Ninety-two percent, or more than nine in 10 of the hearing impaired participants who took part in an Australian study were awoken by a low sound frequency smoke alarm. In comparison, 44 percent were awoken by an alarm sounding at the commonly used higher sound frequencies.
Lower frequencies more effective
Usually, smoke alarms sound in high sound frequencies. High frequency sounds are great when people are awake. But many people do not hear them while asleep and this can cost lives, according to Michelle Ball, a researcher at Victoria University, Melbourne, Australia.
Ball and her colleagues investigated which sound frequencies are most effective in alerting sleeping people. They found that a signal in the range between 400 and 520 Hz was most effective, especially in waking hearing impaired sleepers.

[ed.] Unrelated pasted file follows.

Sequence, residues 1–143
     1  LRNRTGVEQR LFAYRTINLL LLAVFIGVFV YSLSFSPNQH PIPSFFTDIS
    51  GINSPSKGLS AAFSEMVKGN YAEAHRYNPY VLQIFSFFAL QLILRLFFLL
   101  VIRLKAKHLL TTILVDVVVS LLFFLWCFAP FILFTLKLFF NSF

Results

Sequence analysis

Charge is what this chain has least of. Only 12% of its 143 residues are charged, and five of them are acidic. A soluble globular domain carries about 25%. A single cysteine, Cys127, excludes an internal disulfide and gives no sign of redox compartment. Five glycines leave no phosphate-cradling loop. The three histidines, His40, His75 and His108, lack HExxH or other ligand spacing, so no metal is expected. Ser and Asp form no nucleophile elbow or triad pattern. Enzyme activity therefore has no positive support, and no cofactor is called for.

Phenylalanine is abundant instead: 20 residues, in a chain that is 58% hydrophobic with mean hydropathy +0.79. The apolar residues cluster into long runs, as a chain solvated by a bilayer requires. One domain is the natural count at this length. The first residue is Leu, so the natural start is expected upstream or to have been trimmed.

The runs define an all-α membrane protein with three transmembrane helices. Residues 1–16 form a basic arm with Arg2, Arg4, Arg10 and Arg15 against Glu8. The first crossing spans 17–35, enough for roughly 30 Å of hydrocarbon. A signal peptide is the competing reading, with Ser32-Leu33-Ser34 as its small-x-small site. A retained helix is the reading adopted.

Square versus pure toner
Ball explained that lower frequency alarm tones, which are square, are more effective than higher frequency pure alarm tones. A square tone is composed of several frequencies, each of which activates a different part of the basilar membrane in the cochlear. This may explain why square sounds are more effective in alerting sleepers.
In addition, hearing impaired people are typically able to hear low frequency sounds better than high frequencies.
Source: The Australian Broadcasting Corporation, www.abc.net.au